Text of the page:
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My Thoughts Regarding: "Getting Through the Discomfort"

Please join me by reading the daily meditation from “The Language of Letting Go” by Melody Beattie and share your thoughts in the comment space provided at the end of this post (Click on the Read More button to read the complete thought for the day).

As a child of alcoholic parents I felt a great deal of pain as a result of neglect and abuse.  This kind of pain was attached to confusion, feeling helpless and hopeless.  Eventually, the pain got so great that my only defense was not to feel the pain anymore.  Instead, of showing the pain I felt, I showed anger instead.

Anger became my friend.   In point of fact, it appeared to save me from being victimized by many, but unfortunately not all of the perpetrators in my childhood.  I learned that if I was angry enough,  they left me alone.  This ability of protecting myself by showing anger felt empowering in a situation that I truly felt powerless.

This illusion of power and control over my situation felt so good that I made a conscious decision when I was about 8 years old to just stop feeling. I decided that I would not be victim anymore.  No, I could not stop the abuse, but I could stop feeling.  Or so I thought.

Instead of shedding tears, my mantra was, “that did not hurt”, “is that all you got” and “I don’t care”.  I had decided that my only defense against the abuse and loneliness was to stop feeling.  I enforced this decision with the thought “You can not make me cry”!

My belief was, they can beat me, but they can not make me cry.  Of course, when alone I still cried, but I did not cry the tears of grief that would lead to healing.  Instead I cried the tears of helplessness.  I was a victim and I could not figure out a way to stop the abuse.

The price I paid for this emotional defense against the abuse was that I had detached myself from my feelings to the point that later in life when I was able to escape the pain of my childhood.  I realized that I never quit feeling the pain.  What I did not feel was relief.  I got so used to feeling the pain that I became indifferent to it.

This indifference resulted in my stunted emotional growth.  In my efforts to feel again and get on with my life I went to counseling and I went to college.  My counselors tried many different techniques to help me experience the pain from my childhood but I was too well defended against the possibility of being hurt.  My counselors and professors noted that I spoke of the abuse from my childhood but I just reported the incidents, I did not allow the memories to impact me.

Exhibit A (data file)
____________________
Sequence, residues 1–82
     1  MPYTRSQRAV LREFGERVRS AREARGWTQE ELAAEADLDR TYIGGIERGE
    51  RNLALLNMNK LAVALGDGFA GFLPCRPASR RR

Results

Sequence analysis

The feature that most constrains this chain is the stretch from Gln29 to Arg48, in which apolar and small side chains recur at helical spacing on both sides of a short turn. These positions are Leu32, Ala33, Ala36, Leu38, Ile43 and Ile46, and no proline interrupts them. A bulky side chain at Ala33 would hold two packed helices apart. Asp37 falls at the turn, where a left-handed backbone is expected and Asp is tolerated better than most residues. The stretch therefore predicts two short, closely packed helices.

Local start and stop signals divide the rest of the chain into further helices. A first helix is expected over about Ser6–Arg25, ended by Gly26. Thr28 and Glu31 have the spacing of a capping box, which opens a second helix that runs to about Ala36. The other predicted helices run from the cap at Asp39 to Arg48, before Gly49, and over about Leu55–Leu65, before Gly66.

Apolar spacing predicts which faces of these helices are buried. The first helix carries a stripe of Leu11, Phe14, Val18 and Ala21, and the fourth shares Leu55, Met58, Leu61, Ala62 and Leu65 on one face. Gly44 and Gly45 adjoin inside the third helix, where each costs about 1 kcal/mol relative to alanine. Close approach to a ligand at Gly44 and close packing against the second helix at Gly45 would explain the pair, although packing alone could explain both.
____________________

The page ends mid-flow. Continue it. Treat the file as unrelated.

For years during counseling and my educational journey I struggled to turn the feelings back on. I wanted to feel so that I could heal from the wounds of my childhood and mature emotionally.  Thanks to some very loving and trustworthy people in my life I did find the ability to let go of the fear that had become a way of life for me and I surrendered my will long enough to allow myself to feel the sadness, loneliness, fear, abandonment, confusion, betrayal as well as the physical pain.  Then came the hard part as I allowed the memories to come back and so that I could feel, grieve and accept the past so that I could forgive and get back to the business of living my life.

Today:  When I experience loss, I feel the pain.  I allow the grief and then I follow the emotional path toward acceptance and healing.  Now I feel not just the periodic pain that comes with living but I also feel the joy and excitement that comes from the love of self and others.

Sun, 10/03/2010 - 21:21

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About

Diana Smith, PhD, LPC-MH owns and operates Serenity Mental Health Services and is licensed by the National Board of Certified Counselors. License number is LPC-MH2025 and she follows the ethical guidelines described by the NBCC found at their web site www.nbcc.org/webethics2. Diana is a member of the National Board for Certified Counselors, Certification Number 43911. In addition, she is also a member of the American Counseling Association, Member ID# 5140627. Online counseling can help you right now. Research has made it clear that this manner of offering therapy is effective and those who’ve experienced it have said they would seek it out again.